Obesity and Prostate Cancer

Marco Bandini; Giorgio Gandaglia; Alberto Briganti

Disclosures

Curr Opin Urol. 2017;27(5):415-421. 

In This Article

Abstract and Introduction

Abstract

Purpose of review: To investigate the association between obesity and prostate cancer (PCa).

Recent findings: Obesity has been proposed to be involved in the pathogenesis of PCa through different biological mechanisms that include deregulation of the insulin axis, sex hormone secretion, adipokines signaling, and oxidative stress. Hypertrophic peritumoral adipocytes may also facilitate the local spread of PCa through the chemo-attraction of tumor cells. Clinical studies demonstrate that obesity might have clinical implications also in disease detection and management. Obese men have been shown to be less likely to be diagnosed with early-stage disease. Moreover, they are at increased risk of experiencing upgrading and upstaging when managed with active surveillance. However, the association between obesity and the risk of PCa recurrence and mortality after radical treatment is still debated.

Summary: Obesity may facilitate the development and progression of PCa trough different biologic mechanisms that may pose obese men at higher risk of advanced and high-grade disease. However, the association between obesity and long-term oncologic outcome after radical treatments appears unclear.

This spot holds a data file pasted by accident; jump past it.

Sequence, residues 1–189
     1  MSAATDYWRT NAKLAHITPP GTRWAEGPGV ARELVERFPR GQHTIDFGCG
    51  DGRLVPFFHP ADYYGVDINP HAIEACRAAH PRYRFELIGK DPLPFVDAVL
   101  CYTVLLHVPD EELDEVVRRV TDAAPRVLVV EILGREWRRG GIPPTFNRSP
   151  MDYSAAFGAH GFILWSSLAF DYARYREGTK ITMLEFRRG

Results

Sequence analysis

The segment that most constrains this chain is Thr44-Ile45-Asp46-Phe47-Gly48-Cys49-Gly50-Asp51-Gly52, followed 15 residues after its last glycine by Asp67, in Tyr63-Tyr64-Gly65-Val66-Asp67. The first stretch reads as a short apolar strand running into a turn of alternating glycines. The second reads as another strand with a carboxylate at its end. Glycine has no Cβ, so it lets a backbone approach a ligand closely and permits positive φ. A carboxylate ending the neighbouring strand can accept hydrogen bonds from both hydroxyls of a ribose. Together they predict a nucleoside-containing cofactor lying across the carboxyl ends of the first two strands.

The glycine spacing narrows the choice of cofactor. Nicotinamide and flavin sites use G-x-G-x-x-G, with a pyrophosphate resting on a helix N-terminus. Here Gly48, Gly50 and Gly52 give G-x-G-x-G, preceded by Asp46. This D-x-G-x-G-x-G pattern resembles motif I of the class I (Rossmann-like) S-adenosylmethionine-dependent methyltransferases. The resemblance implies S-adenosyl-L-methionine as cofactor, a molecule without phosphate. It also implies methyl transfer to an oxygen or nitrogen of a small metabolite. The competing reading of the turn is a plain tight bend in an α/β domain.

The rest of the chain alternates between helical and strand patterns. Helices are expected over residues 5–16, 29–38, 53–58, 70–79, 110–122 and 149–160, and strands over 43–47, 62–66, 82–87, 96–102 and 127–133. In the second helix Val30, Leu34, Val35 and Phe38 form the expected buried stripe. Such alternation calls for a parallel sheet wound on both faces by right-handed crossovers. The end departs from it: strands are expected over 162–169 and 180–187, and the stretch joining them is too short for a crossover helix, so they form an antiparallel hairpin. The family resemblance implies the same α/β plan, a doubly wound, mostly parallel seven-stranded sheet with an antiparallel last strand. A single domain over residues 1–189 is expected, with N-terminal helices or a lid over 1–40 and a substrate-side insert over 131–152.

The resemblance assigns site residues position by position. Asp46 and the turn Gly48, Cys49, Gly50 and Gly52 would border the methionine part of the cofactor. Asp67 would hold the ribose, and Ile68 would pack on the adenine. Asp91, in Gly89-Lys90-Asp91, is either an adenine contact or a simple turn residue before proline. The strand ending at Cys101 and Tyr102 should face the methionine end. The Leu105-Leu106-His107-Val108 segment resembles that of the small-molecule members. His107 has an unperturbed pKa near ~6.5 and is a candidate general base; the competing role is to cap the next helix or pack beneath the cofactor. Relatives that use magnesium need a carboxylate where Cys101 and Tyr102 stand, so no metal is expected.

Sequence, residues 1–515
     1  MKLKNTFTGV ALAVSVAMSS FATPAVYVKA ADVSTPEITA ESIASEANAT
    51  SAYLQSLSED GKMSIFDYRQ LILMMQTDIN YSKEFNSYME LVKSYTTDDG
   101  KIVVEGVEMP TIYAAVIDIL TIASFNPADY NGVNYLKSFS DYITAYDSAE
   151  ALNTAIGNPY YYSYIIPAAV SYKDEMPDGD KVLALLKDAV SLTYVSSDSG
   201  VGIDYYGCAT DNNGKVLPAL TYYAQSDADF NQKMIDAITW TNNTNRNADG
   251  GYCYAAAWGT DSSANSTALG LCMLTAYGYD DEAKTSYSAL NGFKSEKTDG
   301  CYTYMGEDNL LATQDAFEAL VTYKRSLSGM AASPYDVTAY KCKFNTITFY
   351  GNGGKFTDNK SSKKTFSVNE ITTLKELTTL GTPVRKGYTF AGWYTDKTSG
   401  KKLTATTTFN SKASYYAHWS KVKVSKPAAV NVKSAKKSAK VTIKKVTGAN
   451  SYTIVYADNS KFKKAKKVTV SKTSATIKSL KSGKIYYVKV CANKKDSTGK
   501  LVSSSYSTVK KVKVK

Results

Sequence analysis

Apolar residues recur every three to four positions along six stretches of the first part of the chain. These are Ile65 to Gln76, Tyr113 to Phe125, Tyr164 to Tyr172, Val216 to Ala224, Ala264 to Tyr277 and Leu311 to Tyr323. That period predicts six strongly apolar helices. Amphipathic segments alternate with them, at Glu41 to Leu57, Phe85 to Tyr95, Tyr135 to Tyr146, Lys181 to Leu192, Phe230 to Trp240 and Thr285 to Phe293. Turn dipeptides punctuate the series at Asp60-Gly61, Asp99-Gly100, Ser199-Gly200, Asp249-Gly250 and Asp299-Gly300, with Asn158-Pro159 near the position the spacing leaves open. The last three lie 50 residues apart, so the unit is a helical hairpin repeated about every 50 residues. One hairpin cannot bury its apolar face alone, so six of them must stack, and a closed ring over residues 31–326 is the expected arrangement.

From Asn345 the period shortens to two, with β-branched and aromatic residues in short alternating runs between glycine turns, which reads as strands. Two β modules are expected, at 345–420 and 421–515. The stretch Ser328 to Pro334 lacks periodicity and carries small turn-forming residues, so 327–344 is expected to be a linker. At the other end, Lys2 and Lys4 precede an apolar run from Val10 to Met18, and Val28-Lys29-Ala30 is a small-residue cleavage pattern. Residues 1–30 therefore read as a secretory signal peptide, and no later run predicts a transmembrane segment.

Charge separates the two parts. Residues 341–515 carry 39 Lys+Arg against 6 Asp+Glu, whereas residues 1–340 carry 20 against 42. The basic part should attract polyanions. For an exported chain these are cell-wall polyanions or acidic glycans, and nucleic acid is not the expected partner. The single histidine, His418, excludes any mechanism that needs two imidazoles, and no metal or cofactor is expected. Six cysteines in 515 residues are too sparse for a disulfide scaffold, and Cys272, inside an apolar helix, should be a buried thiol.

Introduction

The WHO defines overweight and obesity as abnormal or excessive fat accumulation that represents a risk to health.[1] These conditions are associated with an increased risk of a number of chronic diseases such as diabetes and cardiovascular diseases.[2,3] Moreover, several studies have shown that obesity is associated with an increased risk of numerous cancer types.[4–8] Of note, this condition might play a role also in the pathogenesis of prostate cancer (PCa). Several preclinical studies proposed multiple theories to explain the association between obesity and the pathogenesis of PCa,[9,10] with obese men being less likely to be diagnosed at earlier stages. Finally, obesity might influence functional and oncologic outcomes after radical treatments.[11,12]

Our review aims at critically analyzing the most recent evidences on the association between obesity and PCa. Specifically, we evaluated the role of obesity in the pathophysiology of PCa, its influence on the ability to detect PCa, and the potential effects of obesity on outcomes after radical treatments.

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